SC issues notice to Karnataka Medical Council, state gov't on compulsory rural duty bond

"It (SC) has also ensured that the affidavits will be cancelled in case the court finds that this policy has been applied illegally and has no basis in law," said a KMC Manipal student. on the condition of anonymity
To recall, this case traces back to an appeal by MBBS students from the 2018 batch at KMC Manipal
Update on the case(Pic: EdexLive Desk)

Today, May 22, the Supreme Court's vacation bench has addressed the case involving the compulsory rural duty bond imposed on private college students, specifically Kasturba Medical College (KMC) Manipal. 

The counsel, advocating on behalf of students, argued that since they paid higher fees and did not receive state subsidies, they should not be forced to sign a one-year compulsory rural duty bond to obtain a necessary No Objection Certificate (NOC) for further studies.

"The Supreme Court, acknowledging our arguments, has issued a notice to the Karnataka Medical Council (KMC) and the Government of Karnataka. The case will proceed with the next hearing, where these respondents will provide their clarifications," states a statement forwarded by the students. 

During the hearing, the Supreme Court suggested that students could sign the bond and obtain the NOC, which can be challenged subsequently. Importantly, as the matter is now pending before the Supreme Court, no student can be compelled to comply with the compulsory duty at this stage. The next hearing date is yet to be announced. 

"Looking at the precedent set in the past, the Supreme Court decided that the case needs to be heard in greater detail and the court has asked the student to take their registrations and assign the affidavits. It has also ensured that the affidavits will be cancelled in case the court finds that this policy has been applied illegally and has no basis in law," said a KMC Manipal student, on the condition of anonymity.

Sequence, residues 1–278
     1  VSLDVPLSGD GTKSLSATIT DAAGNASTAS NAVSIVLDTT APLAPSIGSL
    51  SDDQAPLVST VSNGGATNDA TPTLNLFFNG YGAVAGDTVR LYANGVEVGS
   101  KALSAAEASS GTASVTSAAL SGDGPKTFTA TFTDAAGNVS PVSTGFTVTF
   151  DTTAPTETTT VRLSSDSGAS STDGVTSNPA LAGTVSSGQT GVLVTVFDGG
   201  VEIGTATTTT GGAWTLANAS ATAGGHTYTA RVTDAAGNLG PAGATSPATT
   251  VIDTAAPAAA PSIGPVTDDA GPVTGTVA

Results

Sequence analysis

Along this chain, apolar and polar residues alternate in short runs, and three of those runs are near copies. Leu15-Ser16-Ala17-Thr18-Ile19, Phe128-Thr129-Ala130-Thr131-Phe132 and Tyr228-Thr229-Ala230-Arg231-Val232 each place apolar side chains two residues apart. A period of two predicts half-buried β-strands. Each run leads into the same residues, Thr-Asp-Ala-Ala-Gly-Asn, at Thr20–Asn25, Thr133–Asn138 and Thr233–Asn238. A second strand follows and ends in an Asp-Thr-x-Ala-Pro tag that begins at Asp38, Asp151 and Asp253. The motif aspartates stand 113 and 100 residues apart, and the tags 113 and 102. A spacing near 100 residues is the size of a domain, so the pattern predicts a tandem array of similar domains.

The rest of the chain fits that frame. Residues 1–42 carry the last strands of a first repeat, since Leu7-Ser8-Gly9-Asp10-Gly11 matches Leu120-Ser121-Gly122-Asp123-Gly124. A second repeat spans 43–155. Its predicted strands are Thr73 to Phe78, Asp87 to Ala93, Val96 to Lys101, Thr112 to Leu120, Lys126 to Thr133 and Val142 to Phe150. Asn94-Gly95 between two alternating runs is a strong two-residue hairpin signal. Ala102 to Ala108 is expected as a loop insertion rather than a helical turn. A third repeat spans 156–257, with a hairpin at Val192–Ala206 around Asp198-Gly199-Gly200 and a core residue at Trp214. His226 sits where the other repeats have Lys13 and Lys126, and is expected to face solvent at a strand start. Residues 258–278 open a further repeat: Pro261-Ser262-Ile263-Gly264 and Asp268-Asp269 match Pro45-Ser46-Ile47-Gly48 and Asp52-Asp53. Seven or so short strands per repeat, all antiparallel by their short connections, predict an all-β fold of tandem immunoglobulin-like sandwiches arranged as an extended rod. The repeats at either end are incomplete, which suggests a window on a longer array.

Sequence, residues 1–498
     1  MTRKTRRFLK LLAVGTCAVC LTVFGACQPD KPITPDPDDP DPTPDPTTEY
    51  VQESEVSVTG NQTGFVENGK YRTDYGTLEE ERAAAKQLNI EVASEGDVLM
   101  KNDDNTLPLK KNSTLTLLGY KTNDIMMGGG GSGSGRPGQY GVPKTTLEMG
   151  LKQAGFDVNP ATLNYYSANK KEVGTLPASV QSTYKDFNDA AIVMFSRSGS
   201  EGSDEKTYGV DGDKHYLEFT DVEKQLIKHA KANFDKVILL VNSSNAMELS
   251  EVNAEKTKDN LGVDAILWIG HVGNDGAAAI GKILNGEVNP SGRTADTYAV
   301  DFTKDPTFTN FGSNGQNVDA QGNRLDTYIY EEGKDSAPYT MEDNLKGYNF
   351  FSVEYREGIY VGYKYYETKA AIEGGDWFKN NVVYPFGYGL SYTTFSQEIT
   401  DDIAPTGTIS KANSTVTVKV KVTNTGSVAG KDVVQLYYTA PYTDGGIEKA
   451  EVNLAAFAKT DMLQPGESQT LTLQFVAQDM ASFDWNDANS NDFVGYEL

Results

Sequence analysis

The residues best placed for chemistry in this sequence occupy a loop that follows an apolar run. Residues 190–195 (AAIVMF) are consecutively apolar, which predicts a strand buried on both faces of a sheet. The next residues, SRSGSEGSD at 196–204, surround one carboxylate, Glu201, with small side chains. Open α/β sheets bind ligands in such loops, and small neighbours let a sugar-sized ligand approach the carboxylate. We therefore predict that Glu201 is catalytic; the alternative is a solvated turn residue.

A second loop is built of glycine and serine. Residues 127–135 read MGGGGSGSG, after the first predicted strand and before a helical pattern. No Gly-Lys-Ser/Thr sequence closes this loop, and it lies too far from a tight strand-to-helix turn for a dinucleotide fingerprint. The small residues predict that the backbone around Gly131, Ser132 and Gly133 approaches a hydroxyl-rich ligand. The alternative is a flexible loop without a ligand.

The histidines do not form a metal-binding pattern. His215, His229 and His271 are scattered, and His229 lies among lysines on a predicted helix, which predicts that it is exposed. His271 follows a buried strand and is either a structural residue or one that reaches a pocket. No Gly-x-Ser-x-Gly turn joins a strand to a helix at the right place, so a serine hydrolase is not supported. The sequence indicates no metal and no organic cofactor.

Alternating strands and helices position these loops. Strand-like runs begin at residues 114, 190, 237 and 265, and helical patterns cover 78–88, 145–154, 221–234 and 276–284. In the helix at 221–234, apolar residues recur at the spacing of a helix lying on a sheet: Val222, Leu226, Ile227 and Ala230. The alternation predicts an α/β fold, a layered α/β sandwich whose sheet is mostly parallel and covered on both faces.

To recall, this case traces back to an appeal by MBBS students from the 2018 batch at KMC Manipal, who approached the Karnataka High Court against the state authorities for imposing a compulsory rural bond service on the students. 

The crux of the students' argument lies in the allegation that they were not informed about the bond requirement at the time of their admission to the MBBS course. Now, they are being asked to sign an affidavit committing to one year of compulsory rural service and to submit a No-Objection Certificate (NOC) issued by the Bond Enforcement Cell at Arogya Soudha, under the Karnataka State Government.

According to this affidavit, the students must serve in a government institute for one year. If they choose not to discharge their obligation of compulsory rural service, they would have to pay a penalty of Rs 15 to Rs 30 lakh to the government. Students allege that the bond is being illegally imposed. 

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